Be aware of holiday spending including the interest that follows | The Colpitts Law Firm
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Bankruptcy May Be Your Option

Be aware of holiday spending including the interest that follows

With the holidays upon us, American traditions encourage spending: gifts for holidays, travel to see loved ones, and even celebrations like New Year’s Eve. The spending now traditionally starts with Black Friday, the day after Thanksgiving (or actually even Thanksgiving Day. ShopperTrak estimates that Americans spent over $12 billion just on Thanksgiving Day and the day after.

Many of these purchases in Oklahoma and throughout the country were likely made with credit cards.  Unfortunately many of those credit card purchases will still be part of outstanding balances on those cards when next November rolls around. And even more unfortunately, those credit card balances will be accumulating interest which, according to the Federal Reserve and other sources, averages over $6,000 per year per household.

Consider this scenario:

         You spend $2000 on holiday expenses. If your credit card has an APR of fifteen percent, paying only the minimum each month would result in a payoff period of over ten years. Part of the reason for the extended repayment period is the accumulating interest which, given these figures, would have totaled as much as $1500 or more, close to twice what you originally paid for your $2000 worth of purchases ten years earlier.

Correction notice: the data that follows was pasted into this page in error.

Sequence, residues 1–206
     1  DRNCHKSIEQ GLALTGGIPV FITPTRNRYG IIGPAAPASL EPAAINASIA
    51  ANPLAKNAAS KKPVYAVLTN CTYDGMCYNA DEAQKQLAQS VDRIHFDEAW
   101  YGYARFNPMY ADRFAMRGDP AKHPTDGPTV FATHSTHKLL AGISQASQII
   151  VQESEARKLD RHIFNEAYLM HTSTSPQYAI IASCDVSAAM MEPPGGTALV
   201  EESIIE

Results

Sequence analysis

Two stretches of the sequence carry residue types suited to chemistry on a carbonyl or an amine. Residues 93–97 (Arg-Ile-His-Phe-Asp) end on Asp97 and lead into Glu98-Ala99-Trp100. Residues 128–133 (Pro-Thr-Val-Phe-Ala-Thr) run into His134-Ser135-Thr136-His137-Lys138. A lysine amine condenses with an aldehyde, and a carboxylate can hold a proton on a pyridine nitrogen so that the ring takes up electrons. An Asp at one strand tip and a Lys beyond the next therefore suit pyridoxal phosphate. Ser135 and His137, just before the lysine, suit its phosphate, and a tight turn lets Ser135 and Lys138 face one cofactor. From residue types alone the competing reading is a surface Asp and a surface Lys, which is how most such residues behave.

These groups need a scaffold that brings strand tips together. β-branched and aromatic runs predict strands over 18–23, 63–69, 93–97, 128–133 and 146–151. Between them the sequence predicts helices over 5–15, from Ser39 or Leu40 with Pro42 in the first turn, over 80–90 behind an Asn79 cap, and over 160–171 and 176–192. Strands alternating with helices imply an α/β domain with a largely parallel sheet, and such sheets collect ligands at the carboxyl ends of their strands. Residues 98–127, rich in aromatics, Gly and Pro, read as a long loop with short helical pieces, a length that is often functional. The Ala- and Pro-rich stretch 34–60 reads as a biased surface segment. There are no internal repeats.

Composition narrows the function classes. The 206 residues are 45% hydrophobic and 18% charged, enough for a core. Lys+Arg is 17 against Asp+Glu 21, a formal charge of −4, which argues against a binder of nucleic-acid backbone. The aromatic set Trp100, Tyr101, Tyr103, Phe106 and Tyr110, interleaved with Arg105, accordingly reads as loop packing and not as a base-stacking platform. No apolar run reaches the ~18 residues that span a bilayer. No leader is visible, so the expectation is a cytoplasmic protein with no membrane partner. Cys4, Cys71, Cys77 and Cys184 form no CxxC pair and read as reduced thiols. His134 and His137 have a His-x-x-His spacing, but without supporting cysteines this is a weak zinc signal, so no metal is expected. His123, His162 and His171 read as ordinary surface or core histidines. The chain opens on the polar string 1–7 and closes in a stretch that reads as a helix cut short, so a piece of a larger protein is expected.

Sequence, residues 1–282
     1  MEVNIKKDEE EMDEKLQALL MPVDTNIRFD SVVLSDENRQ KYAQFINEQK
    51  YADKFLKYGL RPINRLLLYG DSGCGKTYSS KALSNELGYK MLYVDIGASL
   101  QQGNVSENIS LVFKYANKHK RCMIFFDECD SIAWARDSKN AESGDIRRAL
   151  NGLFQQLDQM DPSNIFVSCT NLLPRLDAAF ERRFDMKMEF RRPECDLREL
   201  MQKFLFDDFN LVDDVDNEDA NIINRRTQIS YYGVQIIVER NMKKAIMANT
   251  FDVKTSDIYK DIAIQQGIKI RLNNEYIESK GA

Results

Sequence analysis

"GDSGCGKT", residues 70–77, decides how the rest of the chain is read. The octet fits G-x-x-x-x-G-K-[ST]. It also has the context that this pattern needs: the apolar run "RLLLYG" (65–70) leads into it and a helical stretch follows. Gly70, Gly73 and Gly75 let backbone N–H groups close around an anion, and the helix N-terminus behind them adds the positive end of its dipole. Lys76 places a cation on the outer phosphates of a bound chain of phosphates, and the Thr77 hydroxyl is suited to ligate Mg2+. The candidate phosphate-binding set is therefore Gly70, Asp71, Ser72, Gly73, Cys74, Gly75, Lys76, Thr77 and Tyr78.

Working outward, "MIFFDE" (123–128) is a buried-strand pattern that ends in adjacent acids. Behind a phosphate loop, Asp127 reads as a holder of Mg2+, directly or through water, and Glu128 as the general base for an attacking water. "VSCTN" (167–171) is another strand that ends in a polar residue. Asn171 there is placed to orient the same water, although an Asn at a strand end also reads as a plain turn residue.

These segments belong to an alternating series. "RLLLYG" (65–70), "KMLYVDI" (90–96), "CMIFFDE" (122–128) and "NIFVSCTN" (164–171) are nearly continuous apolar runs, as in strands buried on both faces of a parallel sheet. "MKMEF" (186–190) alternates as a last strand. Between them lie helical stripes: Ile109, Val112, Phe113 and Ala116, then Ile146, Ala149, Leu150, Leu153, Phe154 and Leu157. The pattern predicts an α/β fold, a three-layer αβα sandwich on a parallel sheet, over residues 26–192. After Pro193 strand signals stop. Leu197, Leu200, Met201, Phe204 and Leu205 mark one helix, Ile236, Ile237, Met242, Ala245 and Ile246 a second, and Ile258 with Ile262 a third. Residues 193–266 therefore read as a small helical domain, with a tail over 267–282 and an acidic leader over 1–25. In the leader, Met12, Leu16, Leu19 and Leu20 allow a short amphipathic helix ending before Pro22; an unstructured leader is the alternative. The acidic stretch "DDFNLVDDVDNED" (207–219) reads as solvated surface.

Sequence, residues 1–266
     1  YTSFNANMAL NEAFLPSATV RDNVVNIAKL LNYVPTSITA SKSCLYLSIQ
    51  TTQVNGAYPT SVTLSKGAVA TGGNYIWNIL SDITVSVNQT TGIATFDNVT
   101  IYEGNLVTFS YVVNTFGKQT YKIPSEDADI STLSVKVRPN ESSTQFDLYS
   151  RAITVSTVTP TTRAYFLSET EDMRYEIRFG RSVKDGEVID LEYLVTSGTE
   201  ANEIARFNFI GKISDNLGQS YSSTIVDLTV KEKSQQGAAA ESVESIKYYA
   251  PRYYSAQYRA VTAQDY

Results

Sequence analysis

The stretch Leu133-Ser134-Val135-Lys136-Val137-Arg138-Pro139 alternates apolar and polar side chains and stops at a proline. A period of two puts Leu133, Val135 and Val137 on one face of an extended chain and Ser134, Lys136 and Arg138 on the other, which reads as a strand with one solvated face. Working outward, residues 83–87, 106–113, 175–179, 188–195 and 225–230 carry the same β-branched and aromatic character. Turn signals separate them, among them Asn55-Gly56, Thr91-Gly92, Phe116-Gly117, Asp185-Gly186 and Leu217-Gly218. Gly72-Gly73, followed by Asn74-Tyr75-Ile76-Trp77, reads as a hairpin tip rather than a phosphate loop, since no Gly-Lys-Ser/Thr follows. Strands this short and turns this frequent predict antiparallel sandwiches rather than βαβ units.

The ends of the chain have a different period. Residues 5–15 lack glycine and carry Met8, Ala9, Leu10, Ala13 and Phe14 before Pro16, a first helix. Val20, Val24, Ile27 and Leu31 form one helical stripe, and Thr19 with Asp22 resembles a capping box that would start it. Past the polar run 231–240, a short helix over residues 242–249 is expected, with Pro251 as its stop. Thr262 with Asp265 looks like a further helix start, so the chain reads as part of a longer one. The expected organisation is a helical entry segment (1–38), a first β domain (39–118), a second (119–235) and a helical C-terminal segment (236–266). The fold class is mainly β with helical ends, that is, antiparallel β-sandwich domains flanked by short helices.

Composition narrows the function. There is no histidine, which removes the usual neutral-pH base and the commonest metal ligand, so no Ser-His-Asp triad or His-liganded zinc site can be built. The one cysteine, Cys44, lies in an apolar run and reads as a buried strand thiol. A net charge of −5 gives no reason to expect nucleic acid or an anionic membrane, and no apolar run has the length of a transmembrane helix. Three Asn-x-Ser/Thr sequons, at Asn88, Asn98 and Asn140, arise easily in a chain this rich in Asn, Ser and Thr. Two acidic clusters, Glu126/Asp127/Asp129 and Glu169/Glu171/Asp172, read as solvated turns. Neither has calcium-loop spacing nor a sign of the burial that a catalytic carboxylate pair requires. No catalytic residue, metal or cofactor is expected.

There are many ways to manage your credit card debt, but if this is only one credit card that you use and you have a similar scenario on each, you can find yourself in massive debt and no way to get out. Of course, the prudent solution is to spend within your limits and avoid the holiday temptations. But even if you start that practice this year, you could already be deeply in debt.

Filing for bankruptcy may be one option to consider to relieve yourself of the vicious cycle of debt. If you find yourself in this situation with no way to climb out, a consultation with a bankruptcy attorney can be the beginning of a better financial future. In the meantime, try to make prudent decisions in your holiday spending to avoid digging an even deeper hole.

Source: Huffington Post, “3 Tips For Dealing With Holiday Credit Card Debt,” Robert Harrow, Dec. 4, 2015

Secondary Source: New York Post, “Increased credit card use fuels household debt,” Gregory Bresiger, Dec. 5, 2015

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